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Characterization of the inflammatory profile in obese mice on high fat diet rich in saturated fatty acids

Grant number: 12/25094-5
Support Opportunities:Scholarships in Brazil - Scientific Initiation
Effective date (Start): August 01, 2013
Effective date (End): July 31, 2014
Field of knowledge:Health Sciences - Medicine - Medical Clinics
Principal Investigator:Antonio Carlos Cicogna
Grantee:Caroline Soares Adorni
Host Institution: Faculdade de Medicina (FMB). Universidade Estadual Paulista (UNESP). Campus de Botucatu. Botucatu , SP, Brazil

Abstract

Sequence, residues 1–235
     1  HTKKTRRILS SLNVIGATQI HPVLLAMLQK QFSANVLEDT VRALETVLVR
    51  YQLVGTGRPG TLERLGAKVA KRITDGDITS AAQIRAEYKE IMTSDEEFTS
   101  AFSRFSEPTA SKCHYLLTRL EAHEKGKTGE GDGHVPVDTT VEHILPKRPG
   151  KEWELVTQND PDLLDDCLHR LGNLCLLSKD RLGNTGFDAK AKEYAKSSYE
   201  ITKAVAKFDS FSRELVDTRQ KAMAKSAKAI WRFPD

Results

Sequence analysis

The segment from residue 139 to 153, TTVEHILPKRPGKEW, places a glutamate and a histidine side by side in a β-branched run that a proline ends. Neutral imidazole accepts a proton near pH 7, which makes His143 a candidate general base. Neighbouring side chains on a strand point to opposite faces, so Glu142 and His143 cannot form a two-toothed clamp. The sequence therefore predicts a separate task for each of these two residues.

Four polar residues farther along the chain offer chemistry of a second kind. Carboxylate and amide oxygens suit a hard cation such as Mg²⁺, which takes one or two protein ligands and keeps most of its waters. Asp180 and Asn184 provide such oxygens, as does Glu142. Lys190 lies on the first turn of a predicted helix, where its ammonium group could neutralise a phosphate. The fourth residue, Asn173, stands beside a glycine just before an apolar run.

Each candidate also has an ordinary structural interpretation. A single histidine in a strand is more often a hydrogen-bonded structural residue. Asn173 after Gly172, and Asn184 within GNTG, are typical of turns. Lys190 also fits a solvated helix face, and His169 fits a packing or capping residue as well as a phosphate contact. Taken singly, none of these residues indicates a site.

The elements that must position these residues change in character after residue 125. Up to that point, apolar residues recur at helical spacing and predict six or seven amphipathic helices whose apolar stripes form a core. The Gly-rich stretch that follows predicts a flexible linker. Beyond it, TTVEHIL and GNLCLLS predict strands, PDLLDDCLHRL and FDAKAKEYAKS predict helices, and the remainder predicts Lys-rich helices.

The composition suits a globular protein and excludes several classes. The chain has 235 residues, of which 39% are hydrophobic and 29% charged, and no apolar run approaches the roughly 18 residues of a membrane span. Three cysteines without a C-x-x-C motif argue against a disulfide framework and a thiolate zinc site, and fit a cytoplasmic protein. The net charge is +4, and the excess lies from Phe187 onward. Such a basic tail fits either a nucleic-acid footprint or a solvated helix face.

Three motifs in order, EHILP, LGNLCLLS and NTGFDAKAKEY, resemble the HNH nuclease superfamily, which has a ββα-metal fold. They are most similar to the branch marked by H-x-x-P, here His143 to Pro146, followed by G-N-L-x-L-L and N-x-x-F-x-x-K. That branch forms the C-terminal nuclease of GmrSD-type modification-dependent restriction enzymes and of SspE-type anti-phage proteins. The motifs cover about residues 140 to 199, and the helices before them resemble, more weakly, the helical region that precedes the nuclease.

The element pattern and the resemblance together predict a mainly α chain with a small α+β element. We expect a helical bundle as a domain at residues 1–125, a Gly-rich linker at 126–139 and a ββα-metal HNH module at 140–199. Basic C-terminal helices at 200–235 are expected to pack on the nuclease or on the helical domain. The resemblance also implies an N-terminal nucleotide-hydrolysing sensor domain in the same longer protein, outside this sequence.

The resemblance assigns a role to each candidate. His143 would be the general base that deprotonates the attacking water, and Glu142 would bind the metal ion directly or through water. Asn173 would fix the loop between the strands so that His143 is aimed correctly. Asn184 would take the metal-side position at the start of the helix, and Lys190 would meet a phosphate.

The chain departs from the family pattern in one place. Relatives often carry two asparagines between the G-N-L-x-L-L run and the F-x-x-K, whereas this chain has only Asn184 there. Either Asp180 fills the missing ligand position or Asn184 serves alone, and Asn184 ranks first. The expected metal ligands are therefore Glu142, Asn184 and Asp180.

According to Calich & Vaz, inflammation can be defined as a defense mechanism in response to tissue aggression. The inflammatory response is triggered by chemical mediators that are responsible for the inflammatory cells' chemotaxis in an attempt to destroy the aggressor agent and repair tissue damage. These mediators are represented by a group of proteins called cytokines that are released due to different stimuli and may perform anti and pro-inflammatory functions being mainly secreted by cells of the immune system, vascular, stroma, and adipose tissue, which is the largest energy reservoir of the organism. Studies have shown that adipocyte has endocrine functions, which respond by secreting bioactive molecules, called adipokines. They participate in the pathophysiological changes that occur in obesity, which has been often associated with systemic inflammation, increased pro-inflammatory cytokines, and decreased levels of one anti-inflammatory adipokine, the adiponectin. Recent studies in our laboratory showed that the inflammatory profile of obese mice fed a high-fat diet, rich in unsaturated fatty acids, for 15 weeks did not change serum and myocardial concentration of anti and pro-inflammatory cytokines. The authors hypothesized the response was dependent on the fatty acids type and exposure time to induce obesity. It is well established in the literature the association of saturated fatty acids and increased cardiovascular disease risk. Given the data found in our laboratory, the association between harmful fatty acids and heart, and the lack of studies in the literature that examined the relationship among long periods of obesity, saturated fatty acids, and inflammatory profile, the purpose of this study is to test the hypothesis that obesity-induced by saturated fatty acids results in increased pro-inflammatory adipokines, with consequent reduction of the anti-inflammatory ones. (AU)

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